New Delhi: Amid growing concerns over the potential misuse of personal data, the government is moving to enact India’s first law to safeguard privacy, a move aimed at least partly at deflecting worries over the immense amount of data it proposes to collect about its citizens.
The United Progressive Alliance government has set up a panel of senior officials of the rank of secretary to prepare a blueprint laying down the ground rules for privacy and data protection and fixing the criminal liability of offenders.
Once in place, the law will effectively recognize the right to privacy of an individual as a fundamental right. It will contain specific rules that will address any breach of a citizen’s right to privacy and include safeguards against potential violations of the law even by the government.
“The talks on having a privacy Bill have been going on for a long time. But this is the first time the government has set up such a committee. The decision was taken two weeks ago,” said a senior home ministry official, who didn’t want to be named.
According to the official, the government has decided to move on the privacy law in the immediate context of Aadhaar, the project to provide unique identity cards to residents of the country, and the National Intelligence Grid (Natgrid), which will assist investigators in obtaining information tracked by 11 law enforcement and intelligence agencies. The agencies will have access to details of phone calls, credit card transactions, visa and immigration records, property records and driving licences of all citizens.
The initiative to put a law in place follows concerns flagged by civil rights activists about Aadhaar, a project headed by Infosys Technologies Ltd co-founder Nandan Nilekani, and Natgrid, on grounds that individual privacy could be compromised.
“With an increasing amount of sensitive citizen information being stored in the electronic form both in the government and the private sector, there has to be a proper policy framework around privacy,” said another senior government official, who also did not want to be named.
Existing laws are designed to protect data against theft as opposed to safeguarding an individual’s privacy.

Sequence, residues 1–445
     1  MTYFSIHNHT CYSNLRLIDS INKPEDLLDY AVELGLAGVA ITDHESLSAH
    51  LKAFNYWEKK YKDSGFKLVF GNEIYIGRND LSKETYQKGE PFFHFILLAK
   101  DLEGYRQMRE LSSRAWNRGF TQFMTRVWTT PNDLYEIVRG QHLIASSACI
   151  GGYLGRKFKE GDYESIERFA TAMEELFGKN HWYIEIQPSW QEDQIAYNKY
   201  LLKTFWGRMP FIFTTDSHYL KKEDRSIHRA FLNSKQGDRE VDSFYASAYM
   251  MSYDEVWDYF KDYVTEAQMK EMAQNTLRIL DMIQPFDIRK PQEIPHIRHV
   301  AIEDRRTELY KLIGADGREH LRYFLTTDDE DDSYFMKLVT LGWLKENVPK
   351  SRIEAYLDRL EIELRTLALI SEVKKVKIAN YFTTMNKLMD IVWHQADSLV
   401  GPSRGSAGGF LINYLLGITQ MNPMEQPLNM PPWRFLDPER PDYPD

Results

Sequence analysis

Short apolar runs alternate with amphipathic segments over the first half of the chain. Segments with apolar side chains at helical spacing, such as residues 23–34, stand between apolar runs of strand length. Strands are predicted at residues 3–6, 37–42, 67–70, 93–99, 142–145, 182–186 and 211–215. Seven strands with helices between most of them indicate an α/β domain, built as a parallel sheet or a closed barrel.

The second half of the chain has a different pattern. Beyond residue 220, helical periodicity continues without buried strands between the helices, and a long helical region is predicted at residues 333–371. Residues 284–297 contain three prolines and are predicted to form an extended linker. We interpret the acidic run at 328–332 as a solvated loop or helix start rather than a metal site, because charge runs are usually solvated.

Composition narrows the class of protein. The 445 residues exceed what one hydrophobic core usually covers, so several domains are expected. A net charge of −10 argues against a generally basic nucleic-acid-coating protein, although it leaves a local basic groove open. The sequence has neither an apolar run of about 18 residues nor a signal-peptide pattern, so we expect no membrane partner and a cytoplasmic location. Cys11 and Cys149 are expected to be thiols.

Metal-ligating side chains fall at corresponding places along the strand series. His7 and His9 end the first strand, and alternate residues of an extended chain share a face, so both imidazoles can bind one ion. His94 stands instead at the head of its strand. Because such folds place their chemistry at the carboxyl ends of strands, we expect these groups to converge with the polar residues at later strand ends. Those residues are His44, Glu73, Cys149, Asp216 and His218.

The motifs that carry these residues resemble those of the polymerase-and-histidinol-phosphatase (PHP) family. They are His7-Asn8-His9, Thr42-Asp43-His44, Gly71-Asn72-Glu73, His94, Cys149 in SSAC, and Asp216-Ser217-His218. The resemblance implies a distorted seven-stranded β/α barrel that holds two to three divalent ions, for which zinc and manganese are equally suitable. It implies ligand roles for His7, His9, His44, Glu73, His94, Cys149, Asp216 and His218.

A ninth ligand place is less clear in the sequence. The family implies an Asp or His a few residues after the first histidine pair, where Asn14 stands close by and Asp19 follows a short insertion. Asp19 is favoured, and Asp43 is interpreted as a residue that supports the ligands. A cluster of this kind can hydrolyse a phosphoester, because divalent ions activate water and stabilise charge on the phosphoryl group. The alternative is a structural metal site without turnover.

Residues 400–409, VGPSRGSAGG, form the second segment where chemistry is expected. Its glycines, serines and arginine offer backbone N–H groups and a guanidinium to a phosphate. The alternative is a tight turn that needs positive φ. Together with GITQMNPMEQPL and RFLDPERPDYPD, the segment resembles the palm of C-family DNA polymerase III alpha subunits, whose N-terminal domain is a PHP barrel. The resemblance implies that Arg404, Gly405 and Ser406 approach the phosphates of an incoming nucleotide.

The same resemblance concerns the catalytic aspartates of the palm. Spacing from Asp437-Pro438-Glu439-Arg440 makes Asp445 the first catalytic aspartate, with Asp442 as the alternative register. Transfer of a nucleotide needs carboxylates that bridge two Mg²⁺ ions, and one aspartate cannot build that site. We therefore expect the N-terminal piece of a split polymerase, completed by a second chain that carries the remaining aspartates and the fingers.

“You have to legally deal with not only the privacy of individuals but also data privacy. In addition, you will need to have stringent provisions pertaining to protection of such private confidential data,” said Pavan Duggal, a Supreme Court lawyer.
The Information Technology Act deals with the security of electronic records, e-commerce transactions and Web content. The Act does not refer to individual privacy.
“There’s a need to have a point of view on privacy. Though the IT Act and other regulations deal with the security of information, there’s a need for a legislation to decide what is private and what is not,” said a panel member, who didn’t want to be named.
Shantanu Consul, secretary (personnel) in the department of personnel and training, will head the committee. Home secretary G.K. Pillai, finance secretary Ashok Chawla and secretary in the department of information technology, R. Chandrashekhar, will also be on the panel.
“The first step is to step back and look at an overarching framework, which can be domain-specific and can fill all the gaps in all existing legislation,” the government official quoted in the first instance said. “It also has to make sure that it doesn’t override the current regulations and has to coexist with them.”
Manish Ranjan contributed to this story.